We Develop Mastery and a Growth Mindset Through Applied Work

At LePort, knowledge is ultimately a means to action, to pursuing goals and interests – it is not something stale to stuff in a student’s brain for a test, only to forget it right after.

To keep knowledge meaningful and fun, we create real application opportunities in each subject, all the time.We are deliberate with the exercises we create: applying knowledge happens when students have to think about the content; thus, our exercises are not “popsicle stick” projects, or papier-mâché dioramas – but require real intellectual work.

This is very obvious in our Montessori program: the lesson the teacher gives only provides the initial impetus for the real learning, which happens during the child’s independent work with the educational material. As he orders color tablets by their shades, as he uses the bead stair to teach himself addition, as he traces sandpaper letters over and over again, the child is working: he is concentrating in the pursuit of his goal, namely, mastering a new skill he is interested in.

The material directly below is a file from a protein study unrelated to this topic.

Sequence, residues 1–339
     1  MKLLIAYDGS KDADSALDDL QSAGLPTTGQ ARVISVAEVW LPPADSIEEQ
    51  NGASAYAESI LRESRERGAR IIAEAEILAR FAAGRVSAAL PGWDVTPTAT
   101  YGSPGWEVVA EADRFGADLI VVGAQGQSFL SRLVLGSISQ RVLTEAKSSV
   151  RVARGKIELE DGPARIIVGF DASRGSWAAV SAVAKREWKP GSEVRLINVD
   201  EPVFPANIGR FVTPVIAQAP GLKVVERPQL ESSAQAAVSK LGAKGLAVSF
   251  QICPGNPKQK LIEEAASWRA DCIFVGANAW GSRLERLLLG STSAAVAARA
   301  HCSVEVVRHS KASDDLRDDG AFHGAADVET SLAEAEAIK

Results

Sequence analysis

As our students progress, their work becomes more mental and less physical – but it is meaningful work just the same. In vocabulary class, our students write creative stories with vocabulary words, and actively use their minds (as against passively checking off multiple-choice answers.) In mathematics, our students learn concepts – and apply them in increasingly challenging word problems (as against mechanistically reproducing process steps.) In literature, our students draw implications from what they read, and write essays comparing characters and their choices across novels (as against merely retelling a story’s plot.)

Throughout, we create applications that engage the children’s minds on the topic they are learning: they think about the content we want them to remember, and thus make the knowledge their own. Contrast this to many of the “hands-on projects” found in other schools: making a diorama of an icy world with penguins may be fun, but unless it is a carefully crafted expression of a deeper intellectual lesson, does little to stimulate thinking about what living in Antarctica means.

Because we expect each student to apply himself, to revise his work, to develop his skills, and because we emphasize that success is within his control, our approach helps students develop a mastery-focus and a growth mindset. Our students aren’t discouraged by a bad performance or a low grade – they persevere, because they have learned that with effort, they canmake good things happen.

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